Giles: We have no way of knowing how long the war will last, because it depends on how willing Western countries are to recognize that for Ukraine to win is vital for their own security. Once that realization permeates across the board in Western countries – and is accompanied by a realization that they have been very successfully deterred by Russia from supporting Ukraine fully on entirely spurious grounds, and once the full force of the West is actually thrown in behind Ukraine, enabling it to push forward and win this war – the resolution could be really quite rapid. But it all depends on that international solidarity and the political will in Western countries to realize what is at stake.
Q: What do you say to people who believe that Russian President Vladimir Putin’s aims are limited to Ukraine and that other countries are engaging in a type of “Red Scare” to say their democracies are at stake?
Giles: It's true that people do sometimes say that Putin's aims are limited to Ukraine, and they're not going to push forward with other countries that formerly were part of the Russian empire that now feel themselves to be under threat. Now, those people are the ones who have not paid any attention to what Putin himself has been saying. If you look at his program and how his political aims have developed over time, it's absolutely clear that Ukraine is just the first step among many. And all of the small countries around Russia's western periphery are under threat.
Q: Is this Putin’s war?
Giles: Putin is not inventing all of the ideas that he's pursuing in his campaign against Ukraine. Instead, he's enacting some very deep-seated assumptions within Russian society, not just the political elite, but the country as a whole, about Russia's place in the world and its entitlement to govern over countries that we think of as being separate sovereign, independent nations like Ukraine. He is not inventing it. Russia today isn't a product of President Putin, it's the other way around. President Putin is just putting into action all of the assumptions that have widely held within Russia about what Russia should be.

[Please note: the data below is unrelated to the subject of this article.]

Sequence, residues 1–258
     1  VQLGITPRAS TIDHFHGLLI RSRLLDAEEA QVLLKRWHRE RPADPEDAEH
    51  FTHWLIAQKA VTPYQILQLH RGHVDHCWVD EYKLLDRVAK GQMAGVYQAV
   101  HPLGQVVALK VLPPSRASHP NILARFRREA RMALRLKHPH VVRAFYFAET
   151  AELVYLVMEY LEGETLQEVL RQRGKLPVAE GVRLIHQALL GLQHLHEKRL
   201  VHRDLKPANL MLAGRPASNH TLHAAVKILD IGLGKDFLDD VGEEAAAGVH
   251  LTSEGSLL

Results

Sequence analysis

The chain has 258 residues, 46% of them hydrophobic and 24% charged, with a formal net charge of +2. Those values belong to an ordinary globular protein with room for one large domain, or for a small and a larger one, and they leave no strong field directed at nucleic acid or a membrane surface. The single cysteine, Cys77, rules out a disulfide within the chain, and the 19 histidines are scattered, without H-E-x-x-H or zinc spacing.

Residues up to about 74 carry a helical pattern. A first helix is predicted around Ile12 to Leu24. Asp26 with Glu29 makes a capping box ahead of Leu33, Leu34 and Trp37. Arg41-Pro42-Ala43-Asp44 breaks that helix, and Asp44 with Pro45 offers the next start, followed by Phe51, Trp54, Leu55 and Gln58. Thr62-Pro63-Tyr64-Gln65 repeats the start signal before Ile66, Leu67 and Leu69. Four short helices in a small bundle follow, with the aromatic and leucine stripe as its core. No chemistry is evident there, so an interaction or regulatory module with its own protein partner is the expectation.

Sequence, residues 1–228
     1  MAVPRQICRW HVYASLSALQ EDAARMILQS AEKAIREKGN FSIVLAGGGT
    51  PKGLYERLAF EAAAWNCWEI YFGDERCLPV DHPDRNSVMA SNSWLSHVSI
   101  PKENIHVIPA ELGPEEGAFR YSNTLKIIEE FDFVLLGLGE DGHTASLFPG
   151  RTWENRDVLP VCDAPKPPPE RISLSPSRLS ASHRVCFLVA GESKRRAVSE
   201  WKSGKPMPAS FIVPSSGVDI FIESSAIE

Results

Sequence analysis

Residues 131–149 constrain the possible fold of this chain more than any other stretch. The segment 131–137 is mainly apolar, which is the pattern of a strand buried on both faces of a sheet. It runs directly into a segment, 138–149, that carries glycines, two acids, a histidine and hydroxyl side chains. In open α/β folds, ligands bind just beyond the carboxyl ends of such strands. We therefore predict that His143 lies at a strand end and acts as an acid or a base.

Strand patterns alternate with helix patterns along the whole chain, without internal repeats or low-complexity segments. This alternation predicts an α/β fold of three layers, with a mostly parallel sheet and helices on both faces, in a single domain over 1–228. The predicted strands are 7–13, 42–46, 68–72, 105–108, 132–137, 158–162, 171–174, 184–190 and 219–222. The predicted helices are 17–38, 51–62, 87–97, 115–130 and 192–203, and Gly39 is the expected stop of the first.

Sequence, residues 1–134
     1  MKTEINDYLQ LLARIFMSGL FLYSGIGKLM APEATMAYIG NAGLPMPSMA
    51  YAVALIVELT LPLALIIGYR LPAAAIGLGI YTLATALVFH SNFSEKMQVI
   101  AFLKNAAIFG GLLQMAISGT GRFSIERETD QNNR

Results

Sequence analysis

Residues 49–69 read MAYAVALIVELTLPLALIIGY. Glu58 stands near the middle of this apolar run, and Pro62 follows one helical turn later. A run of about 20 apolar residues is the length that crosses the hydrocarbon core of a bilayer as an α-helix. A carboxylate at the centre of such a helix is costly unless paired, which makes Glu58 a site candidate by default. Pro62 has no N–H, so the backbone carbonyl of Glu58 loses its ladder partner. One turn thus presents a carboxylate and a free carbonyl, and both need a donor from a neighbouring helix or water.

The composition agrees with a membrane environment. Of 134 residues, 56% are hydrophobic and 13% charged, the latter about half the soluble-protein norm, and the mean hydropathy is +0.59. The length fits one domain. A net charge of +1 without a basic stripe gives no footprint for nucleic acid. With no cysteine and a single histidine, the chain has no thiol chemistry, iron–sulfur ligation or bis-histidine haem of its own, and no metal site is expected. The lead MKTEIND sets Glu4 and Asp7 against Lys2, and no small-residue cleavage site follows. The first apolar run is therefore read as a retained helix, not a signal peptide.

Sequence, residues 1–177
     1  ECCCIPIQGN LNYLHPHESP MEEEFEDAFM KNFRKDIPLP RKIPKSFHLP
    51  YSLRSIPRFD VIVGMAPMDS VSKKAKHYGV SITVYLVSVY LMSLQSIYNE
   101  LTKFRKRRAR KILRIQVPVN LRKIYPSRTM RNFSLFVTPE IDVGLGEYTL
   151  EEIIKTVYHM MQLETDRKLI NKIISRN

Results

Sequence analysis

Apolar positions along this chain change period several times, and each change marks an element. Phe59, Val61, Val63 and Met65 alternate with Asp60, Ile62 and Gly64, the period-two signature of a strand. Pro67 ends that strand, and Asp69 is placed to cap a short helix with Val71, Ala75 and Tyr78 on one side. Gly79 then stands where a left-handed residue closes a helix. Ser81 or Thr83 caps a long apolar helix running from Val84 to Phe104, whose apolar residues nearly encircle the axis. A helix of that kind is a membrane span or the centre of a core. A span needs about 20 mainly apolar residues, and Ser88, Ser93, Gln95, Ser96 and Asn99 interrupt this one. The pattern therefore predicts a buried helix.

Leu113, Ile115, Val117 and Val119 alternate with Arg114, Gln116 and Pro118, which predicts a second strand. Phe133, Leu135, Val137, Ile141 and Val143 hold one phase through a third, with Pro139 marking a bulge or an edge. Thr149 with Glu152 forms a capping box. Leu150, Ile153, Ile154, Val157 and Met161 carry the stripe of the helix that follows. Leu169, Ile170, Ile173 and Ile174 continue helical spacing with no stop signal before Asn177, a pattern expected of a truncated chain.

Q: What does Putin want?
Giles: One of the ways in which the job of people like me, people who explain Russia for a living, has been made immensely easier after the beginning of this latest phase of the conflict in Ukraine is that we no longer have to explain what President Putin wants because he has said so himself so very clearly. He wants to correct what he sees are the historical mistakes made 100 years ago when the Bolsheviks, the early communists, set up these independent republics based on nationalities that formed the basis of the countries that we now think are sovereign nations around Russia's periphery. He says this was a mistake because these countries do not have a right to exist and the peoples within them do not have a right to an independent existence not being governed by Moscow. So his program, as he set it out is to put that right.
Q: There are some who say this is a proxy war between the U.S. and Russia. What is your response to that?
Giles: It's very misleading to call this a proxy war in the sense that this is a war waged by the U.S. Look just at the ways in which the U.S. has been so very reticent to throw its full weight behind Ukraine. The campaign of deterrence by Russia has been so effective that the U.S. has been very restrained. By comparison, of course, that delivers a greater weight of weapons assistance into Ukraine. But if you look at the proportion of capability of each country, it is lagging far behind. It is the front-line states that recognize what is at stake, that recognize that if Russia is not stopped in Ukraine, they are likely to be next, that have donated vastly more, by proportion, of their arsenals and also in terms of economic and humanitarian aid, than has the United States.
Q: How real is the nuclear threat?
Giles: It’s not.